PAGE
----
Statistically, here is how you should go about doing a heat map:
1) Integrate point features. The idea of integration is to take points that should be considered coincident and merge them together as a single location. I like to use nearest neighbor analysis and use an appropriate value from there. (For example, when doing a crime heat map, I use the ...
I've done a bit of work on this in GeoTools/GeoServer by extending the Heatmap Rendering Transformation to support geometries other than points.
It's not finished yet, but you can get the feature branch from my repository on GitHub.
The screenshot is of GPS tracks from when I worked as a pizza delivery driver.
In ArcGIS, the easiest way to create a polygon layer with the count of overlapping features is as follows:
Run the Union tool on your source polygon layers. This will result in a layer with one feature for each area of overlap.
Add a new field to the layer created in Step 1, called NewID or something to that effect, and use Field Calculator to set it ...
A good article from ESRI called "Extending your map with spatial analysis" explains and give examples of both.
Another good article, "Heat Maps in GIS", found over on GIS Lounge, shows that these terms can sometimes be used interchangeably.
I think the first paragraph of the article gives a great explanation of the term(s):
Heat mapping, from a ...
Step-by-step for GeoServer. Note: As @michal-mackiewicz writes, the WPS extension for GeoServer must be installed.
Acquire some point data, for example Natural Earth populated places http://www.naturalearthdata.com/http//www.naturalearthdata.com/download/10m/cultural/ne_10m_populated_places.zip
Import data into Postgis for example with ogr2ogr
ogr2ogr -f ...
Knightshound's answer is correct. Another option, if you don't want to create yet another file and keep ti always updated, is to use Virtual Layers. I'm not sure if Virtual Layers is available in QGIS 2.12 though.
Click add Virtual Layer button
Enter the following SQL query
select geometry from senders
select geometry from receivers
What you are actually trying to do is a kind of Location Allocation analysis. The need for a pharmacy is determined by two things:
The amount of people living in an area (amount of buildings is proxy)
The distance (either Euclidean or drive time)
You could use the freeware of Utrecht University; flowmap for this purpose. It is a bit 'clunky' though. Their ...
I created a simple python script for converting geohashes to 3d Google Earth representations. This isn't exactly what you asked for, but if you'd like to create a cool looking thematic map (based on geohash) this will get you started.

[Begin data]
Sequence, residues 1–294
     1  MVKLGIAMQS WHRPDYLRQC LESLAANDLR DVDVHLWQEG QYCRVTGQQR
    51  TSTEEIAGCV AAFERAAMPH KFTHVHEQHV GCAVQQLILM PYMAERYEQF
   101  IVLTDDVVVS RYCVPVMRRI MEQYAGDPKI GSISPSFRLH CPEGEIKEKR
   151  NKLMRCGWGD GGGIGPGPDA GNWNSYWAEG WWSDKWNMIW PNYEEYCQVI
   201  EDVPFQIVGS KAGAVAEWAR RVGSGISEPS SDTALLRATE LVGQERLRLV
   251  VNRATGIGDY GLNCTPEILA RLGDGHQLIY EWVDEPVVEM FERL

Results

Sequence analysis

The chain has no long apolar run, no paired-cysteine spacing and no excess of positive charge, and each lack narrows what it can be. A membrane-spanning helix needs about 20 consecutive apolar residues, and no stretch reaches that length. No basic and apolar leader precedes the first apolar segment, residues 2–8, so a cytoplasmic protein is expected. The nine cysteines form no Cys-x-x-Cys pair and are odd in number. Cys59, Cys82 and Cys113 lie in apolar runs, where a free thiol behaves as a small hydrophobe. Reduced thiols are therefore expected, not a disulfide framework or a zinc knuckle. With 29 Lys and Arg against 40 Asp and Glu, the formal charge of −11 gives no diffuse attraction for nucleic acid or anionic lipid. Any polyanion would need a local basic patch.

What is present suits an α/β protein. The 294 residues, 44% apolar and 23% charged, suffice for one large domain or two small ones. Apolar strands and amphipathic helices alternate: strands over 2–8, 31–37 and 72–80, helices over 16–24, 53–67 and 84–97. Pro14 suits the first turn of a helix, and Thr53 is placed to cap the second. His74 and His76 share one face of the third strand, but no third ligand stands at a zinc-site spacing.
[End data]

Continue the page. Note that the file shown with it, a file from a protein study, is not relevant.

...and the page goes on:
You can get the code on github here:
Heatmaps and interpolations are completely different things though they might look similar.
A heatmap visualizes "hotspots" in the distribution of features on the map i.e. dense areas will be highlighted in a heatmap, based on the parameters you use for processing it.
However the purpose of an interpolation is to estimate feature values at locations where ...
If your data consists of points and you would like to create a heatmap, QGIS has a handy heatmap plugin. There is a great tutorial on creating heatmaps from point data here.
Often it is useful to display categorical data in your maps. In this case, I would recommend using the integrated QGIS ColorBrewer located in the style manager. There is a great ...
Yes, the Heatmap plugin can be used for this.
Suppose we have a point layer called pointrates.shp with rates between 0 and 1 associated with each point:
We can run the Heatmap plugin on this, using a Decay Ratio of 1 (which means that the value at the edge of each search radius is the same as at the center), and using the "Ratio" column as the Weight. In ...
Found the answer myself. Check pixel size of raster, then calculate:
sum(point.value for point in circle) / (radius * radius * pi)
Where radius is in pixels (radius / pixel size), and value is what it should be (if all points are in radius, then sum, if only one, then that point value). Select "info tool" (top left on the screenshot), click on respective ...
Here's my approach for making a more generalized heat map in Leaflet using R. This approach uses contourLines, like the previously mentioned blog post, but I use lapply to iterate over all the results and convert them to general polygons. In the previous example it's up to the user to individually plot each polygon, so I would call this "more generalized" (...
I've just learned that the heatmap plugin is not part of version 1.7, so if that's what you're using (like I am), it's not here for us to use it yet. If you're using the "trunk" version of QGIS the heatmap can be found under the Raster menu.
On using the heatmap plugin
This discussion should shed some light on how this plugin works: